The dynamic effects of open-space conservation policies on residential development density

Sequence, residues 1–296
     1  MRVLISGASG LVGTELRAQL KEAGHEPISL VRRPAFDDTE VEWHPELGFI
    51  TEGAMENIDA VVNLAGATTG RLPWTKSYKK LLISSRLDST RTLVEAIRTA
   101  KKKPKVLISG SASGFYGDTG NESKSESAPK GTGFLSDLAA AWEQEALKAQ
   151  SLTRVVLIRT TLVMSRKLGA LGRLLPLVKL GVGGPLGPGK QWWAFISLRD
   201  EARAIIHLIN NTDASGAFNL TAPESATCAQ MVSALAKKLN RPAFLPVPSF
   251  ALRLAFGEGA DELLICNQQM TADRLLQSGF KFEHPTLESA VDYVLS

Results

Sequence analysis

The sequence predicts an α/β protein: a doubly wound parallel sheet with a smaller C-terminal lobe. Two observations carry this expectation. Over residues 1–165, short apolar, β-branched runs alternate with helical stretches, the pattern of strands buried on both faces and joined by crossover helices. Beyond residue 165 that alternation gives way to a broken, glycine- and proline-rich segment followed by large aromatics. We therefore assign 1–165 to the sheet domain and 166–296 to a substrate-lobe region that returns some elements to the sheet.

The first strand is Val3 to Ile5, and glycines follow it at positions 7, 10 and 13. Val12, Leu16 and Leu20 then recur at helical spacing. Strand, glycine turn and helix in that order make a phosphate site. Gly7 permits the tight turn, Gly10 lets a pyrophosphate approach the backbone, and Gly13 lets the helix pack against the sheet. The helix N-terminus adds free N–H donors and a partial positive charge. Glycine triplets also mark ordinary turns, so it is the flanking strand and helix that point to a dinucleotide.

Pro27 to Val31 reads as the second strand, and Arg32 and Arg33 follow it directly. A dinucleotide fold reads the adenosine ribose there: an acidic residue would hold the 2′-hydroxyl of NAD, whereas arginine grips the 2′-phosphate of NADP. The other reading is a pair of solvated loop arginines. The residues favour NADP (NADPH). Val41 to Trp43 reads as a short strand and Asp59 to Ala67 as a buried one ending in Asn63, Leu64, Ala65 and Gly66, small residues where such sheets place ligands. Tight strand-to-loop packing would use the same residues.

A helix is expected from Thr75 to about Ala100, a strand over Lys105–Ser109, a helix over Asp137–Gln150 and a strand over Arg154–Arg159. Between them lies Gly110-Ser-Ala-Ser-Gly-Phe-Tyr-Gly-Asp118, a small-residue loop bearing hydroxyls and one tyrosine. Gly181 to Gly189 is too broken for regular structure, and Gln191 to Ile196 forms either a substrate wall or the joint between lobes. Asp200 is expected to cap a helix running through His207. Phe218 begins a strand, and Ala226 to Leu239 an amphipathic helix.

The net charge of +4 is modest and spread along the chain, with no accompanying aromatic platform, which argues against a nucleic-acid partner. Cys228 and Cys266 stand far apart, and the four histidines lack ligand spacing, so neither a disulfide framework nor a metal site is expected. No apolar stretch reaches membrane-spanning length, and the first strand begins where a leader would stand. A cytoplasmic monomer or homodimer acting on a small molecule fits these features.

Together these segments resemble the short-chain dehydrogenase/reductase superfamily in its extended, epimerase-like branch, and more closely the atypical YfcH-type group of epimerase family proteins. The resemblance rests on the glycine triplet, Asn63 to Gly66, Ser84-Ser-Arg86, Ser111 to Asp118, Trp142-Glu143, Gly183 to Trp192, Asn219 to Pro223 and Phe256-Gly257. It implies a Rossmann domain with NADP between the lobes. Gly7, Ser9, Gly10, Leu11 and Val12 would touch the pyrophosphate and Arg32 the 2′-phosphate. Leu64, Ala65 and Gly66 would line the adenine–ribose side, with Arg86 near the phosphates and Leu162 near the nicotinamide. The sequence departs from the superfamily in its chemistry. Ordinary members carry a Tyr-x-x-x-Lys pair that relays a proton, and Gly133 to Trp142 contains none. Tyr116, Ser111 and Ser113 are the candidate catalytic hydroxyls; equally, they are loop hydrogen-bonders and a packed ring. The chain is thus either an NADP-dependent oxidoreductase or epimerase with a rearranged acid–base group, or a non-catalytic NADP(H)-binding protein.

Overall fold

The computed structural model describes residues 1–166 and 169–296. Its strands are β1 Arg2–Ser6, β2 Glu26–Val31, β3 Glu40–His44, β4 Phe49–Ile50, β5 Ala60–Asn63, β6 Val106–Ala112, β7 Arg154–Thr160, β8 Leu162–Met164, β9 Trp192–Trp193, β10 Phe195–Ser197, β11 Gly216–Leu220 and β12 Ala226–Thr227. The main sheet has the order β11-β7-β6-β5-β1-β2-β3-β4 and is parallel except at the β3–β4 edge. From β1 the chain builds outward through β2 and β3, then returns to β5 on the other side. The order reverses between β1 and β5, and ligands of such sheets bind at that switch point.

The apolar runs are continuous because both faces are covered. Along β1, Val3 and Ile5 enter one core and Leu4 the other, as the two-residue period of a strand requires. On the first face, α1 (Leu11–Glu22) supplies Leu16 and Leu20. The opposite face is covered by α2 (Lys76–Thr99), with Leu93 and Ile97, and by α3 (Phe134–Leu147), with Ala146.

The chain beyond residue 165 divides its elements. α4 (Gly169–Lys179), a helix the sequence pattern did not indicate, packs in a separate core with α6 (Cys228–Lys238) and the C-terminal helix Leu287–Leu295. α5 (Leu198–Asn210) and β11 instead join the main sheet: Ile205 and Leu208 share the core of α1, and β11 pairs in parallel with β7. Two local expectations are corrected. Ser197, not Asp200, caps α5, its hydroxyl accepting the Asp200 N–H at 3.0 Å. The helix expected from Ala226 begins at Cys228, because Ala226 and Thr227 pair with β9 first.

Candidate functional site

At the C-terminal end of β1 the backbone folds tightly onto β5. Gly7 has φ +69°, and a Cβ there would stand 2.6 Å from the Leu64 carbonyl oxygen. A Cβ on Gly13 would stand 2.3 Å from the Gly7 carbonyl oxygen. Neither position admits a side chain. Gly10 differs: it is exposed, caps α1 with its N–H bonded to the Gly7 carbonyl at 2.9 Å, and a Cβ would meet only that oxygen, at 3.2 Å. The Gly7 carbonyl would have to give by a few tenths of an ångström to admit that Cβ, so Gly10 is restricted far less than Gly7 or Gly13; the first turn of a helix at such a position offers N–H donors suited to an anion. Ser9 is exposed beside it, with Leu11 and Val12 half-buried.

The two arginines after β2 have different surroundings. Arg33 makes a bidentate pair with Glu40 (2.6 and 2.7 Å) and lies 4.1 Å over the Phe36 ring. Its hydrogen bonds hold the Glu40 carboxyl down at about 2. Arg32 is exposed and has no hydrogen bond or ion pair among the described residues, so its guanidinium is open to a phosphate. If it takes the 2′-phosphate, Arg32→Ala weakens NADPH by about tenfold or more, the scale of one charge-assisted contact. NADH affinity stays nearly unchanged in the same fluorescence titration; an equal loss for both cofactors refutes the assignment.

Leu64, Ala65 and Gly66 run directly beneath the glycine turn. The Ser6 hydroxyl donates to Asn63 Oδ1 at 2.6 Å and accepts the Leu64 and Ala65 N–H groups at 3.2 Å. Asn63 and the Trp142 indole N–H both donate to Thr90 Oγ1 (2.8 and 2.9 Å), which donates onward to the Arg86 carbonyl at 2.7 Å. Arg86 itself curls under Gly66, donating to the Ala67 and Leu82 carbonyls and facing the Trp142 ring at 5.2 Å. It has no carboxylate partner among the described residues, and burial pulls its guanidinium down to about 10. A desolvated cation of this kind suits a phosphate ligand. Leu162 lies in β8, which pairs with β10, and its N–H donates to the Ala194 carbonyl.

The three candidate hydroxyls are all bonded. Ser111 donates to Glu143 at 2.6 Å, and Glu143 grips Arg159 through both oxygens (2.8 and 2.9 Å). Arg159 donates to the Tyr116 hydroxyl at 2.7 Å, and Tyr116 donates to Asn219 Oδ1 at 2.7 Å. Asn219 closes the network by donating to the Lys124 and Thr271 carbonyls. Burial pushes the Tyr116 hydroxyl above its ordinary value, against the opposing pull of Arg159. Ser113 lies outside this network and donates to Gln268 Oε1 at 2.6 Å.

Recent economic analyses emphasize that designated open space increases the rents on neighboring residential land, and likewise, the probability of undeveloped land converting to residential uses. This paper addresses a different question: What is the effect of local open-space conservation on the rate of growth in the density of residential land? A discrete-choice econometric model of lakeshore development is estimated with a unique parcel-level spatial-temporal dataset, using maximum simulated likelihood to account for (i) the panel structure of the data, (ii) unobserved spatial heterogeneity, and (iii) sample selection resulting from correlated unobservables. Results indicate that, contrary to the intuition derived from the current literature, local open-space conservation policies do not increase the rate of growth in residential density, and some open-space conservation policies may reduce the rate of growth in residential development density. This is consistent with land-value complementarity between local open space and parcel size.
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